Fungi: – Athlete’s foot, jock itch, and ringworm 1. 3 Describe what is meant by infection and colonisation An infection means that germs are in or on the body and make you sick, which results in signs and symptoms such as fever, pus from a wound, a high white blood cell count, or pneumonia. Germs can also be in or on the body, but not make you sick this is called colonization. People who are colonized will have no signs or symptoms they feel fine. 1. 4 Explain what is meant by systemic infection and localised infection Localized infections remain in one part of the body.
Examples include a cut on the hand that gets infected with bacteria, but does not cause problems anywhere else. Localized infections can be very serious if they are internal, such as in the appendix or in the heart. Systemic infections most serious infections, however, occur when the microorganisms spread throughout the body, usually in the bloodstream. These are called systemic infections, and they include flu, malaria, AIDS, tuberculosis, plague, and most of the infectious diseases whose names are familiar. 1.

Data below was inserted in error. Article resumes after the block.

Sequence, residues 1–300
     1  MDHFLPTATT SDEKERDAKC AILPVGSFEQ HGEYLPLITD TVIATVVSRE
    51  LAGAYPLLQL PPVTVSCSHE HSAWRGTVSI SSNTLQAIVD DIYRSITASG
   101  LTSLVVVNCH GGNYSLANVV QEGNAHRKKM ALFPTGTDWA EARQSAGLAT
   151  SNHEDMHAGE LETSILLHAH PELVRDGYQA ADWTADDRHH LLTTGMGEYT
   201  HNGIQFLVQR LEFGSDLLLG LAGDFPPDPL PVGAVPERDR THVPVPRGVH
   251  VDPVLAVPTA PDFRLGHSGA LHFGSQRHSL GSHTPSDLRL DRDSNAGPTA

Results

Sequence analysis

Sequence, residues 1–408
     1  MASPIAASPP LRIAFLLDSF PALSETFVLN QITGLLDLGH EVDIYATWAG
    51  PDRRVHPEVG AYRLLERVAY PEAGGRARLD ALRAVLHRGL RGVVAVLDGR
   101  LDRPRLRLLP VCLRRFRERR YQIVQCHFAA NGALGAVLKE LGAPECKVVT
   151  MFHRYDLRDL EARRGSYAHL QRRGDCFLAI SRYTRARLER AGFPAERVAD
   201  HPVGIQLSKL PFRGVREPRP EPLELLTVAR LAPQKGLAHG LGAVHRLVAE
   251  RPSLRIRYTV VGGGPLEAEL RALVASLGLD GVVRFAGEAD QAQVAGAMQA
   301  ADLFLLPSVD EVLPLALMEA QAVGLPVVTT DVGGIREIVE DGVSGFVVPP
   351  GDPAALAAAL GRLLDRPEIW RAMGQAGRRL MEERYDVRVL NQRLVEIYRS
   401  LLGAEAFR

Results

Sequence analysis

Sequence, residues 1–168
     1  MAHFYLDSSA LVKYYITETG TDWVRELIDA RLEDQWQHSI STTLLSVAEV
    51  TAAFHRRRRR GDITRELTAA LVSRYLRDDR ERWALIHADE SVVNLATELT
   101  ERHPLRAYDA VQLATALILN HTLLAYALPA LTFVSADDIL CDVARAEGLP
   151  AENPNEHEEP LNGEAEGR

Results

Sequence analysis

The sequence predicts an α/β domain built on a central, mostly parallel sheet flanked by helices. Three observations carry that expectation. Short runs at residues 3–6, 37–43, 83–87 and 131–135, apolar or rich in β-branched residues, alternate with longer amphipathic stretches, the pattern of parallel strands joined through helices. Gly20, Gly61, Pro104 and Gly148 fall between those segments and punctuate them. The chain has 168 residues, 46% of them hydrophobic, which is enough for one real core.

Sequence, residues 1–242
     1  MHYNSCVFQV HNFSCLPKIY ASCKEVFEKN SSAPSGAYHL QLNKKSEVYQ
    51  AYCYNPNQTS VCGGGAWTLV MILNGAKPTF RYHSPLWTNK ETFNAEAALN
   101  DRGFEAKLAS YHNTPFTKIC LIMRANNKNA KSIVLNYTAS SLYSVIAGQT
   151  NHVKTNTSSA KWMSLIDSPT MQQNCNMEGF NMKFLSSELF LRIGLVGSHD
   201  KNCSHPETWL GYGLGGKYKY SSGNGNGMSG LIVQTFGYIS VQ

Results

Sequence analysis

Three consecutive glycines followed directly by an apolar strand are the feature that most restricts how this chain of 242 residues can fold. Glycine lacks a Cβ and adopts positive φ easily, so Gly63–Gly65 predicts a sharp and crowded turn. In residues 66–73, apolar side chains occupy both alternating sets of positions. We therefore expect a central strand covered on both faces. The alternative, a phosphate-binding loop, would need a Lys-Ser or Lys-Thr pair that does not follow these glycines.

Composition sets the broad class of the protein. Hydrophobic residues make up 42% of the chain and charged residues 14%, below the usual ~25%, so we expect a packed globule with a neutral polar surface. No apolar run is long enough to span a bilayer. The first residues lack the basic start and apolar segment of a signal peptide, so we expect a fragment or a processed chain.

5 Identify poor practices that may lead to the spread of infection Poor practice that could lead to the spread of infection could be from Poor staff training, not washing hands properly, not washing them at all, poor infection control 2. 1Explain the conditions needed for the growth of micro-organisms In the correct conditions with warmth, moisture and nutrients bacteria can multiply rapidly. The human body can provide these conditions for bacteria to multiply, for example in a cut. Each bacterium splits into two up to every 20 minutes.
So, after one hour a single bacterium could have reproduced to give eight bacteria. 2. 2Explain the ways an infective agent might enter the body There are many different ways that infectious organisms can potentially enter the human body. The respiratory system – The infectious organisms that cause communicable diseases such as the common cold, the flu, and pneumonia enter the body through the nose, and then start multiplying. If they’re not treated right away, they can cause additional problems. The digestive system – Some infectious organisms are found in food, such as the organisms that cause food poisoning.
If the food isn’t cooked long enough or at a high enough temperature to kill these organisms, they enter the body through the digestive system and can make you sick when the body starts trying to digest the tainted food. If you suspect you have food poisoning, it’s important that you get treated right away, because some forms of food poisoning can be fatal if they’re left untreated. Penetrating through the skin – Infections organisms that cause sicknesses like tetanus and hepatitis C enter the body through the skin.